Epilepsy is defined as a disorder in which an individual has recurrent, unprovoked seizures. It has a prevalence of about 5-10 per 1000 people. While the causes of epilepsy are diverse, a significant proportion are considered to be genetic in origin. Epilepsy can occur as part of a clinical spectrum that is associated with a particular genetic syndrome, such as Mowat Wilson syndrome, Dravet syndrome, and “chromosomal” epilepsies. Common “chromosomal” epilepsies include 1p36 deletion syndrome, Wolf-Hirschhorn syndrome, Angelman syndrome, Miller-Dieker syndrome, 15q inversion-duplication, Down syndrome and ring chromosome 14 and 20. In addition, epilepsy can occur as an isolated finding, 40% of which are believed to be due to genetic causes. Approximately 2% of the genetic causes of isolated epilepsy are due to monogenetic causes while the rest are thought to be due to multifactorial genetic and environmental causes. Of the monogenetic genes identified, the majority code for ion channel subunits and neurotransmitter receptors.
The epilepsy and seizure disorders panel is comprised of a next generation sequencing (NGS) and deletion/duplication panel testing for syndromic and non-syndromic causes of seizures. We recommend that individuals with seizures have a chromosomal microarray as a first tier test. Please click here for information on our EmArray Cyto
and CytoScan SNP Array
. Please note that the panel does not include
deletion/duplication analysis for all genes on this panel. Please refer to
the Methodology for a complete list of those genes.
Support for the development of this panel was provided, in part, by a grant from the Epilepsy Foundation to Dr. Andrew Escayg, Associate Professor, Department of Human Genetics.
- Michelucci et al., (2012), Curr Neurol Neurosci Rep, 12:445-455.
- Nicita et al., (2012), Seizure, 21:3-11.
- Pal et al., (2010), Nat Rev Neurol, 6:445-453.
- Pandolfo, (2011), Semin Neurol, 31:506-518.
- Poduri and Lowenstein, (2011), Curr Opin Genet Dev, 21:325-332.
Next Generation Sequencing:
In solution hybridization of all coding exons contained in the genes of the Epilepsy and Seizure Disorders Panel is performed on the patient's genomic DNA. Direct sequencing of the amplified captured regions is performed using next generation sequencing. The patient's gene sequences are then compared to a standard reference sequence. Potentially causative variants and areas of low coverage are Sanger sequenced in order to confirm variants and ensure 100% coverage of the targeted exons. Sequence variations are classified as pathogenic variants, benign variants unrelated to disease, or variants of unknown clinical significance. Variants of unknown clinical significance may require further studies of the patient and/or family members. This assay does not interrogate the promoter region, deep intronic regions, or other regulatory elements, and does not detect single or multi-exon deletions or duplications.Deletion/Duplication Analysis:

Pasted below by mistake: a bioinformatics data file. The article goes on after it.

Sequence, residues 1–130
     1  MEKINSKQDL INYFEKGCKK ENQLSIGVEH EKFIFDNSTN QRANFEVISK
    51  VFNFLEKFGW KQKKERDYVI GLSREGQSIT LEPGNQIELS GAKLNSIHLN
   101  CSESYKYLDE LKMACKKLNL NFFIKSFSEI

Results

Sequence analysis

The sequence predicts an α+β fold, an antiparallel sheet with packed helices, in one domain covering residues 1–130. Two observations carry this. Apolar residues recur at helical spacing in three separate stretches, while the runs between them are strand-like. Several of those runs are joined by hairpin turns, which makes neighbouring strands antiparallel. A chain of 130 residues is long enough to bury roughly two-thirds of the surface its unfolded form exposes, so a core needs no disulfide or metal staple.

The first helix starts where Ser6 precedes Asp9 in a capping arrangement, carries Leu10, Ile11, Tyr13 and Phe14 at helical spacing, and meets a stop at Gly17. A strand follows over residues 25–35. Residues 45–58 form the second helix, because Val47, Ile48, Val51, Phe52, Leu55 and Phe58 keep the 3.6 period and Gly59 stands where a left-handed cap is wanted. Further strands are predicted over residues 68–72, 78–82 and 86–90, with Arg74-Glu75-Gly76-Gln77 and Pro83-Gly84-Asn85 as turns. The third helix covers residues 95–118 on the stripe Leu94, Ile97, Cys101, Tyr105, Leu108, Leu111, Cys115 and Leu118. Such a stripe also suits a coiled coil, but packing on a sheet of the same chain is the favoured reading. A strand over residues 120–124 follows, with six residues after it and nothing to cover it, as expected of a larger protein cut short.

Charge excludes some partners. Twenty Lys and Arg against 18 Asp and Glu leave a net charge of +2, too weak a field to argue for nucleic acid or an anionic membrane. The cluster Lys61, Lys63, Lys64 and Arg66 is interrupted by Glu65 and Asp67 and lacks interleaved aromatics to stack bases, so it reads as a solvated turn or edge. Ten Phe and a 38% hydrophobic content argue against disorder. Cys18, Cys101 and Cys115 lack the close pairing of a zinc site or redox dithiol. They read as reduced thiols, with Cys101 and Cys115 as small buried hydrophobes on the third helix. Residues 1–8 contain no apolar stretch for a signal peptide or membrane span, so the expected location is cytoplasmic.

DNA isolated from peripheral blood is hybridized to a gene-targeted CGH array to detect deletions and duplications. The targeted CGH array has overlapping probes that cover the entire genomic region. Please note that the following genes do not have deletion/duplication analysis included in this panel: BCKDK ,CPA6, DNAJC5, GOSR2, GPR98, KCNT1, KCTD7, LIAS, SCARB2, SCN2A, SLC19A3, ST3GAL3, ST3GAL5, TBC1D24,
Please note that a "backbone" of probes across the entire genome are included on the array for analytical and quality control purposes. Rarely, off-target copy number variants causative of disease may be identified that may or may not be related to the patient's phenotype. Only known pathogenic off-target copy number variants will be reported. Off-target copy number variants of unknown clinical significance will not be reported.